2. A truly beautiful dish, I particularly love that you used the small calamari, these definitely make a beautiful and delicious hors D’œuvres or appetizer. I’ve made fried calamari but never braised and our most recent trip to Southern Europe, my significant other has expressed delight in consuming this unique creature. I am definitely going to try this as soon as I get home.

  3. What an exquisite recipe Frank. As usual you bring me back to my childhood and in this case to our family vacations near Messina, my mum’s hometown. There are recipe she used to make I have never been able to replicate here in Umbria. We are rich in so many ingredients but the quality of the seafood is never au pair with what I was used to. Thank you for bringing back sweet memories.

    1. Ah yes, the seafood in Sicily really is incomparable, isn’t it? Happy I could bring that those happy memories. 🙂

    1. Definitely worth a try, Jeff! They actually not at all hard to prepare and a lot more economical than eating them in restaurants.

  4. Extraordinary recipe dear Frank! We do have recipes with stuffed calamari in our country too, but almost all of them use rice. We never tried a version with bread and are really looking forward to do so. This seams like on of those old simple ways to make food more hearty with simple ingredients. We are all for zero waste when it comes to food and totally support using stale bread in recipes. Thank you for sharing another gastronomical treasure from your homeland!
    Sending our love
    Mirella & Panos xo

    1. Thanks guys! And funny I’ve never tried calamari stuffed with rice… I’ll have to try that some time soon. All the best, Frank

  5. Hey Frank! I must admit that my calamari knowledge is quite lacking. In fact, I think I’ve only ever had calamari in its fried form…whether as an appetizer with marinara sauce or perhaps on top of a salad. I loved reading this post! I’m all about stuffing foods, so this is a fun way to mix up the usual routine around here. And good tip on the olives…I’ll just eat those separately!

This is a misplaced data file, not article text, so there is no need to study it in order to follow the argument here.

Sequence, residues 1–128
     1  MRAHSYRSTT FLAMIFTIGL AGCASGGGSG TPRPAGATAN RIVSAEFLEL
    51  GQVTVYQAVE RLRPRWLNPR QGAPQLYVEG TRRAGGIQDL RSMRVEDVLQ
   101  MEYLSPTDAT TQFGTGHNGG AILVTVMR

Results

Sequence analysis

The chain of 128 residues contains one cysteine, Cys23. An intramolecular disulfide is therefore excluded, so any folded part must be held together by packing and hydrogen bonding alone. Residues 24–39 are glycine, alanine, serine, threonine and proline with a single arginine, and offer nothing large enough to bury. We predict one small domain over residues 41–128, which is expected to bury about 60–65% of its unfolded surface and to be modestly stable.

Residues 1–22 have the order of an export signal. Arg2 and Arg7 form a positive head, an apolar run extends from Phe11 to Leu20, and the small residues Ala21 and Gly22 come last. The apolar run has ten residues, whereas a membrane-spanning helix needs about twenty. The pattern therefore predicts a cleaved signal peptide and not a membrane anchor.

6. I could happily live on calamari – tho’ mostly prepare it by quick methods have used stuffed versions many times with great success. Shall copy your recipe point by point – have a feeling it will go to the top of the list ! Have normally used some form of tomatoes but not always reached out for the raisins . . .

  7. I can’t wait to try this Frank. We’ve done several different versions of stuffed calamari, but none in a tomato sauce. I love all the ingredients of the stuffing, as well…

    1. Thanks, David! This stuffing was really nice, although as noted I’d skip the olives next time. They were a bit overwhelming.

    1. Please do, Gerlinde. I think you’d enjoy this and other calamari dishes. It’s actually quite easy to make at home, and a lot cheaper, too…

  8. Interesting recipe. I’ve used squid in a tomato sauce for pasta, where it’s cooked for a long time. Never had it stuffed — like the idea. Thanks!

  9. Oh goodness things looks fabulous. Delicate and flavorful and satisfying. I actually don’t like fried calimari cause it’s rarely properly prepared. Usually it’s too greasy. I’d much rather enjoy this dish!

  10. Hi Frank —

    Since Step 8 is braising, how about using a pressure cooker?

    I’ve had great results getting tender calamari in umido from Laura Pazzaglia’s Hip Pressure Cooking.

    1. Pressure cooker would be a great option especially for larger calamari. My only worry here would be the stuffing bursting open under pressure, but it’s definitely worth a try. As you may know, Laura’s blog is my go for tips on pressure cooking.

  11. Xmas eve staple. Stuffed with Italian bread crumbs, raisins, chopped garlic and chopped fresh parsley, Parmesan cheese. This is the recipe I got from my Sicilian neighbors who would sew each one up with needle and thread (I figured out the toothpick thing long time ago, lol). Always baked them on a cookie sheet at 350 for 7 minutes, turned once and baked for an additional 7 minutes. Never had them in sauce.

  12. I saw a Calamari recipe which called for a quick boil in water to prevent the bursting after stuffing. I tried it Christmas Eve and they did hold up very well. I do admit that they were little thick or toucher than usual, but they did not burst open. I think maybe your recipe re frying them a little first may be a good option. I will try the next time I make stuffed calamari. We just use, bread, eggs, cheese, parsley, s/p and chopped garlic for the stuffing. White wine, than fresh tomatoes and either parsley on top after stewing or fresh basil. Always a hit.